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  • Edición impresa de Octubre 21, 2014

I want to write about Day of the Dead celebrations in Latin America that contrast with Halloween and what it represents. Día de los Muertos is rooted in the celebration of salvation and life after death. It celebrates the fact that our separation from our loved ones is only temporary.

The people who celebrate Day of the Dead don’t see death as an end. Death is when a new life begins. When they celebrate Day of the Dead it is to celebrate and remember the lives of the dead and continue their relationship with them.

Mexican scholars agree that Day of the Dead leans to the side of remembrance of the dead, rather than grief for them. This holiday is a great way to accept death. Here in the U.S. death is something that it is not talked about. It is seen as an enemy and the subject is not really talked about and seems almost avoided.

Even though many times it is difficult to accept death, especially of a young one, I find it even more difficult to have a celebration in view of what has been happening in Mexico with the disappearance and possible death of 43 young adults. Death brought about by violence at any place is not a time to celebrate. It is a time to grieve for the ability that we as humans have developed to harm and kill others and not even acknowledge the fact that certain kind of deaths are a violation to the natural course of life.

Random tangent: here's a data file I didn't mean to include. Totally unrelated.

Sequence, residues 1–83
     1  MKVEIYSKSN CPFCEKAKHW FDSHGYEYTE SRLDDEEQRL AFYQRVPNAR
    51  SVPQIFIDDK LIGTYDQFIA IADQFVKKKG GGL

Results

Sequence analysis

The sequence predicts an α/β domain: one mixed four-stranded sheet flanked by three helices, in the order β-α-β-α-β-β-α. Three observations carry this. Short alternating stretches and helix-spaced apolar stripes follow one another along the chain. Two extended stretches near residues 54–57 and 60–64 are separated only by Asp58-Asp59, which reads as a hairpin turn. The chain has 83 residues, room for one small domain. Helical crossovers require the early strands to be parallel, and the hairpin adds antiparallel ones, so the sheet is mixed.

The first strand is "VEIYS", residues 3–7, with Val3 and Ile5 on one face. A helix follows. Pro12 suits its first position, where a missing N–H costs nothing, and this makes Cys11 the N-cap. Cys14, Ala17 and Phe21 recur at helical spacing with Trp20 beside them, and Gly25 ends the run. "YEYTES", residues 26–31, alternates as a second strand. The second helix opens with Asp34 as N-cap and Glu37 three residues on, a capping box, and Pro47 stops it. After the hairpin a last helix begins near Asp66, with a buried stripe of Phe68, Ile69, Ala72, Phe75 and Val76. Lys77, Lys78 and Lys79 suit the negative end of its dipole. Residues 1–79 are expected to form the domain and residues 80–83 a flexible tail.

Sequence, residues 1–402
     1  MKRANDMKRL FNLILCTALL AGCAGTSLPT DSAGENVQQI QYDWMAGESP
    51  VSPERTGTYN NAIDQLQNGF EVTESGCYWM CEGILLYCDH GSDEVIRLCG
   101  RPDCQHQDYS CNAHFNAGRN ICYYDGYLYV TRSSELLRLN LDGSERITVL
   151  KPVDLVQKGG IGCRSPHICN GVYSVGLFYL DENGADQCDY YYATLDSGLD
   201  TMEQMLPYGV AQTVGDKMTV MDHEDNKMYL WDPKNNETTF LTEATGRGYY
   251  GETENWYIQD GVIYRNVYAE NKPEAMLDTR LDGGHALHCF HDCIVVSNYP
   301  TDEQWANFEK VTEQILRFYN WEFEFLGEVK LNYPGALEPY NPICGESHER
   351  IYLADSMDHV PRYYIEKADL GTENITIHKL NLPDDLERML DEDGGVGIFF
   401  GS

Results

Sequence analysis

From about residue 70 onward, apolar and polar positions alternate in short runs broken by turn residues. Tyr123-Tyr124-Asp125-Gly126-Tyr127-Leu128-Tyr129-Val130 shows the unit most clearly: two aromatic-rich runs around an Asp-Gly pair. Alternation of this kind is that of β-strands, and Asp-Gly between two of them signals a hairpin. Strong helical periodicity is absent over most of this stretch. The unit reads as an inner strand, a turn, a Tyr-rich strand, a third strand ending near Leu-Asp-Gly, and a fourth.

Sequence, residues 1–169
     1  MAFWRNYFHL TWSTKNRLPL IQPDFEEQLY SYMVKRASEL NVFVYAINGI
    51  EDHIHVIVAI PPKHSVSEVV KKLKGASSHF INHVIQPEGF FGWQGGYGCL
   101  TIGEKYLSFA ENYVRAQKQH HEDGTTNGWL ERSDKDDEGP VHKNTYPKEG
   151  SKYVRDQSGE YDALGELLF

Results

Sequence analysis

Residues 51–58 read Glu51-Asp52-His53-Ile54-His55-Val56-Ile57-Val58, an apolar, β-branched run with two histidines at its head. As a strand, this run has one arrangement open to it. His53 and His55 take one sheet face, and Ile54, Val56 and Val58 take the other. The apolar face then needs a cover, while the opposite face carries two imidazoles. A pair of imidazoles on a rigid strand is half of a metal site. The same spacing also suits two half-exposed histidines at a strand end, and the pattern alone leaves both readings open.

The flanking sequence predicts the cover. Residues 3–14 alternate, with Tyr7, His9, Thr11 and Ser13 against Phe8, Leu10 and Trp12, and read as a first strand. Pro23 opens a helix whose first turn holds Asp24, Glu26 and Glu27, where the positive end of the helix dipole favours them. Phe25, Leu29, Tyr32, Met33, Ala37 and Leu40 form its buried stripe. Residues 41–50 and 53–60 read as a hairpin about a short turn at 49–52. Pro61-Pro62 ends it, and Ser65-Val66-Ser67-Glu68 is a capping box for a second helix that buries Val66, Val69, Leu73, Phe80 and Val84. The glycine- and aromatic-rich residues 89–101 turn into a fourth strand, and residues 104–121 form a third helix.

Forty-three students from the Raúl Isidro Burgos Rural Teachers College of Ayotzinapa from Iguala in the Mexican state of Guerrero have disappeared after clashing with the Iguala police force on September 26, 2014. Since then half a dozen secret massive burial sites have been found, but the remains do not correspond to the missing students. According to the news the students, from a teaching college near Iguala in western Guerrero state, were last seen being bundled into police vehicles three weeks ago.

There have been demonstrations in support of the students across Mexico.

Mexico’s attorney general Jesus Murillo Karam said the arrest would open up new lines of investigation into what had happened to the students. He added that 36 police officers and 27 members of Guerreros Unidos had already been arrested. The police and police chief have received organized crime charges and the mayor of Iguala, Jose Luis Abarca is being sought. The congress in the state of Guerrero has impeached the mayor.

Lately there have been many news items like this one from México. There is no time for celebration now. The entire world is watching and demanding that the students be found. The world cannot continue to celebrate the premature departure of people by the hands of organized crime, police brutality or ‘enemy action’.

People from all backgrounds are standing in solidarity behind the parents and community of Iguala. The time has come to protest, inquire, demand and expect an answer to all the covered up crimes that have happened and we just chose to forget. Let the celebration for life be a celebration of caring and loving both the dead and the living ones.




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